Itu, State of Sao Paulo, Brazil
The drive through Brazil’s Sao Paulo state is decidedly unremarkable, blocks and blocks of tall buildings giving way to commuter highways and finally gently rolling hills. It is hardly the scene where one would expect to find climate salvation.
And yet, as Luis Guedes Pinto climbed his towering perch above a reclaimed swath of Brazil’s Atlantic Forest, he explained that you don’t have to go to the Arctic or even the Amazon to learn how to restore the health of Earth’s forests .
“This project does not change a major landscape, but it shows that it is possible to bring life, water and biodiversity back to the center of the state of Sao Paulo,” said Pinto, CEO of SOS Mata. Atlântica, pointing out two square miles of forest restoration.
Pinto’s organization is a non-profit organization dedicated to restoring the forest area on Brazil’s Atlantic coast. The forest itself is home to more than 145 million Brazilians, and – just as the Amazon rainforest has been ravaged by deforestation in recent years – about three-quarters of it has already been wiped out by urban and infrastructure development and aggressive agricultural practices.
“We have to plant and replant, but we can’t lose another acre,” Pinto said as he guided CNN through a nursery with more than 50 species of carefully cultivated trees and plants in what were once degraded, drought-prone pastures. “A forest that we replant will not be the same as a forest that we cut down. Some of the forests we are losing have trees that are hundreds of years old.”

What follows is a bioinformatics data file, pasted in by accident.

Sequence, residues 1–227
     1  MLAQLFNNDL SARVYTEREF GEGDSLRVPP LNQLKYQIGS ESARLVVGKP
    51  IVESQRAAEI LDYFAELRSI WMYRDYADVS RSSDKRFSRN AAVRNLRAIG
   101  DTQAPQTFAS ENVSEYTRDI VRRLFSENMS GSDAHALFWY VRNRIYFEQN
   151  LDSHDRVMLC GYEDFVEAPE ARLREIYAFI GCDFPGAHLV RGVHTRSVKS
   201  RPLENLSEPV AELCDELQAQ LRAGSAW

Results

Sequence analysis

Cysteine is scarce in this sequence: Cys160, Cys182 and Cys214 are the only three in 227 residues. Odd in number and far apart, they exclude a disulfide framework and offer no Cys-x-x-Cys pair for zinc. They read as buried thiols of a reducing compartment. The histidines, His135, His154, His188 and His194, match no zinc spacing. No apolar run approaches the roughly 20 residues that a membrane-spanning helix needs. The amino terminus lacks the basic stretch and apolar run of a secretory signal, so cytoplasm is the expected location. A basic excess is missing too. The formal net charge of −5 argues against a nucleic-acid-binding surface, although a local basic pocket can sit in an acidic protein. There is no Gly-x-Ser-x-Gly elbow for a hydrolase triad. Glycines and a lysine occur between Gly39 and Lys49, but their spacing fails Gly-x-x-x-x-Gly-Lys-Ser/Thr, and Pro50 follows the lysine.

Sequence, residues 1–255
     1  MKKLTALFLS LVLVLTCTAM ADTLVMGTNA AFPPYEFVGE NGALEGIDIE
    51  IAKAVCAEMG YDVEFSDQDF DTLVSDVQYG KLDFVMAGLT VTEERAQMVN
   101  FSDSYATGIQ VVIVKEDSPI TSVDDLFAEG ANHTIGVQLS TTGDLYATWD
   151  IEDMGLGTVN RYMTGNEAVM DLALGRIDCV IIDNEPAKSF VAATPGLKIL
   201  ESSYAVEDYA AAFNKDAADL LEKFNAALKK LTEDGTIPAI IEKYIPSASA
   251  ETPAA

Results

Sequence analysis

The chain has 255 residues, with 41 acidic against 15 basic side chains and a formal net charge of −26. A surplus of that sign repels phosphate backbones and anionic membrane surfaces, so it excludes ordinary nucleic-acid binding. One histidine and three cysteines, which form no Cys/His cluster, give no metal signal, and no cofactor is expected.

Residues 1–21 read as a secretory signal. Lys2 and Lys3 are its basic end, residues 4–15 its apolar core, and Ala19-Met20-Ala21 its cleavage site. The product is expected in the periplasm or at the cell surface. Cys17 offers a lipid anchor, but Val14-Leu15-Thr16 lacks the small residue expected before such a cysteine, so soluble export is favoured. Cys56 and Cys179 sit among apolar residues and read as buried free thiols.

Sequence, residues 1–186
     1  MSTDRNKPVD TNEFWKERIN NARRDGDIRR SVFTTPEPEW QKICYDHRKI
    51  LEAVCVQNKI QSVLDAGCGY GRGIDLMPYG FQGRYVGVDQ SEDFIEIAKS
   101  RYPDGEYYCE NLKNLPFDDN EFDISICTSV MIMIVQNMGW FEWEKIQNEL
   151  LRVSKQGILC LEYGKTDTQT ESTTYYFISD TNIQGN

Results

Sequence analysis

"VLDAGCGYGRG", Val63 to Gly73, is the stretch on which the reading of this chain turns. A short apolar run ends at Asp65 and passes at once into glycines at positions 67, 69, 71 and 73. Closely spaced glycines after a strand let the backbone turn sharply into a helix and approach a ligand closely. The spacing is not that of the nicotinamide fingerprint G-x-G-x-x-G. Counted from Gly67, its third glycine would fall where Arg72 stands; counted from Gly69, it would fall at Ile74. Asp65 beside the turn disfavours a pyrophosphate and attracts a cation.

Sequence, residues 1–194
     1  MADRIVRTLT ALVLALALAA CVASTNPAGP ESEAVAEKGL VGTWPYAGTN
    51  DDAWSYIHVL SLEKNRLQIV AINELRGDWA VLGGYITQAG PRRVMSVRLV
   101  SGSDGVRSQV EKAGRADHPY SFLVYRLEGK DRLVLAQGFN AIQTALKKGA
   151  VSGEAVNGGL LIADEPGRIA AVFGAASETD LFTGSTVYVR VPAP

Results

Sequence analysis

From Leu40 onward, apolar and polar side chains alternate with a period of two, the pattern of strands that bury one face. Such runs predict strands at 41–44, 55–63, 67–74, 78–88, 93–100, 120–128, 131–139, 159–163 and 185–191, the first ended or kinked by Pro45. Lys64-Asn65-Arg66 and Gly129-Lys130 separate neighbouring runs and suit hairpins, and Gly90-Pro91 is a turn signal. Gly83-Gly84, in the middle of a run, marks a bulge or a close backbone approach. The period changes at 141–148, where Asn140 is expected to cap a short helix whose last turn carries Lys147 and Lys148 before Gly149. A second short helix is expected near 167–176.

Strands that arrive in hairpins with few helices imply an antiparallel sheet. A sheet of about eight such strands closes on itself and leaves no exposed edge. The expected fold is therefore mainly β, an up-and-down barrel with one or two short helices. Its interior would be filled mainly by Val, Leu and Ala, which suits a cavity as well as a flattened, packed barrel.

These are the seedlings of a forest revival. In just 15 years it has grown into a thriving ecolab with healthy groundwater levels, trees, plants and animals. It’s a very different landscape from the pastures on the frontier, where drought-stricken grass is overtaking acres of what used to be forest.
With President-elect Lula Da Silva coming to power, projects like this now find themselves at the crossroads of climate and political history in Brazil, a country that is home to one of the most important sources of biodiversity on Earth.
For nearly four years, President Jair Bolsonaro’s government has been accused of undoing the environmental progress made by Lula, who was president from 2003 to 2010. 70% from 2018 to 2021.
The Amazon rainforest is already emitting more carbon dioxide than it absorbs in some locations — a shift that could have a huge negative effect on global warming trends. And scientists warn that the precious rainforest is approaching a point of irreversible decline and is less able to recover from disruptions such as drought, logging and wildfires.
Lula’s track record as a former president shows that his administration was able to dramatically reduce deforestation rates by the end of his term in 2010. And his new pledge goes even further: to reduce deforestation to zero in Brazil . This would be significantly more ambitious than his previous administration’s goal of eliminating illegal deforestation, not all types of deforestation.